Reporter, Hart Co. News-Herald
Solar energy is coming to Hart County, and it might look a little different than what most people expect.
A Solar Farm, containing solar panel grids, will be placed on over 500 acres along L & N Turnpike Road (KY 335) from I-65 to Rowletts.
A solar farm is a large collection of photovoltaic solar panels that absorb energy from the sun, convert it into electricity, and send that electricity to the power grid for distribution and consumption by customers.
Solar panels are considered a reliable, clean energy source, while still allowing the land to be used to farm certain crops and livestock.
“The main thing is that it’s going to put a lot of money in the tax base of Hart County, and (Thoroughbred Solar has) already contributed a lot of money,” said landowner Harry Isaacs, mentioning contributions to the Hart County Fair, tornado relief efforts, Hart County Historical Society, and Hart County Cattlemen’s Association. “I’ve been in favor of solar and wind for years, and not to replace our fossil fuels, because it’s not going to. It cannot replace all of our fossil fuels. It’s in addition to (them).”
“They’re all about helping the environment,” added Isaacs. “It can do a lot of good for Hart County. It’s just like the CRP program (which) brought a lot of tax base into the county…What I’m hoping is that this will improve the tax base and that it will lessen the tax burden for the average citizen.”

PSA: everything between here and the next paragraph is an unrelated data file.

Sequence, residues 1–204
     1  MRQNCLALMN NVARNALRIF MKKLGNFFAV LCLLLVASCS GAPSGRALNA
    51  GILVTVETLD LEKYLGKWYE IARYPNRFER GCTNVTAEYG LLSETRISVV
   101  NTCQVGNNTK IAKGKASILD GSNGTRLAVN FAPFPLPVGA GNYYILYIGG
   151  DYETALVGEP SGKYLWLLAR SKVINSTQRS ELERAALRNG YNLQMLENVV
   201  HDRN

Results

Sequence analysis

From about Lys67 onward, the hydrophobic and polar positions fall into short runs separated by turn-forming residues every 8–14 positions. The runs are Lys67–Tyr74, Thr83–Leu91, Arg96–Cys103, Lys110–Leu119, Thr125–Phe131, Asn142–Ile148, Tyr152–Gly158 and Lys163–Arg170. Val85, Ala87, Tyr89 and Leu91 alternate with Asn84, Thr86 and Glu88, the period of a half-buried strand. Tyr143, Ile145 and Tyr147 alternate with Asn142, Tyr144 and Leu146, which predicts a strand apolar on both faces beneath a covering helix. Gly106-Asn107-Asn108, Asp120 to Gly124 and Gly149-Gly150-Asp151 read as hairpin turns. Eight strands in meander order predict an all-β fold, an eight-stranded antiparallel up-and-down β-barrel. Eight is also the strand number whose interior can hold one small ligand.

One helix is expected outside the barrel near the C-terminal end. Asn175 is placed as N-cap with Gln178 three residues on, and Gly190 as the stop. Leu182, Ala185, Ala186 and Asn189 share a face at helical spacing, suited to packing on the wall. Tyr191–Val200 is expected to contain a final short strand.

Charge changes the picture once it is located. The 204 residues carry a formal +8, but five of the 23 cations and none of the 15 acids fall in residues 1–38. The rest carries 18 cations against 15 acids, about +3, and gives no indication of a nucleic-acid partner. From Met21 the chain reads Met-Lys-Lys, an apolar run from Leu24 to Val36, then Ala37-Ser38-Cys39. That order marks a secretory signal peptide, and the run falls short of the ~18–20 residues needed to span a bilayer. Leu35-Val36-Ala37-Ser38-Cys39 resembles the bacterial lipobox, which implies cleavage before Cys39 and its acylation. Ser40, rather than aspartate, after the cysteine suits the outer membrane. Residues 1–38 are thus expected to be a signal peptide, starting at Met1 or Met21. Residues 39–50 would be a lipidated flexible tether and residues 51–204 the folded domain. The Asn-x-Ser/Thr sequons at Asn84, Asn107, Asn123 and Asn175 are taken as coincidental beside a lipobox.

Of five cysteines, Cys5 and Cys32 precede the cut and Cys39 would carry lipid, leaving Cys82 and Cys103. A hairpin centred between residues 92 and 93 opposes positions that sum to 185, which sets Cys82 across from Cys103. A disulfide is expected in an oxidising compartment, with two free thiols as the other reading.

The company installing the panels is Thoroughbred Solar, which is a division of Leeward Renewable Energy. Online records report that in 2019 Leeward Energy was sold to the Ontario Municipal Employees Retirement System, one of Canada’s largest pension funds.
On a Facebook page created May 9 of this year, Thoroughbred Solar claims to be poised to harness the sun in Hart County.
“They are extremely reputable,” explained Mary Burba Isaacs. “The company in this project doesn’t do residential or individual…It’s a big supplement to energy. I don’t think we could ever totally depend on solar or wind or some of these other things, but if we had a complement to what we have, then we don’t have to use so many fossil fuels. We’ve looked at some solar farms, and they’re immaculate, and that’s what (they) plan with us here. It’s not to be an eyesore. It’s going to be maintained and landscaped, and parts of it may be agricultural with some sheep. It’s a comprehensive project.”
Opponents of the panels have concerns over the changes in landscape, views, animal habitats, rainwater runoff, and decreased property values surrounding the area in question.
The Bergers are among those with concerns. They live along L & N Turnpike Road, and their house is directly across from the land to be used for solar farming. Their concern is for their country view from their front porch, which they have been told will be replaced with solar panels, a command center toward the left, and an industrial drive toward the right.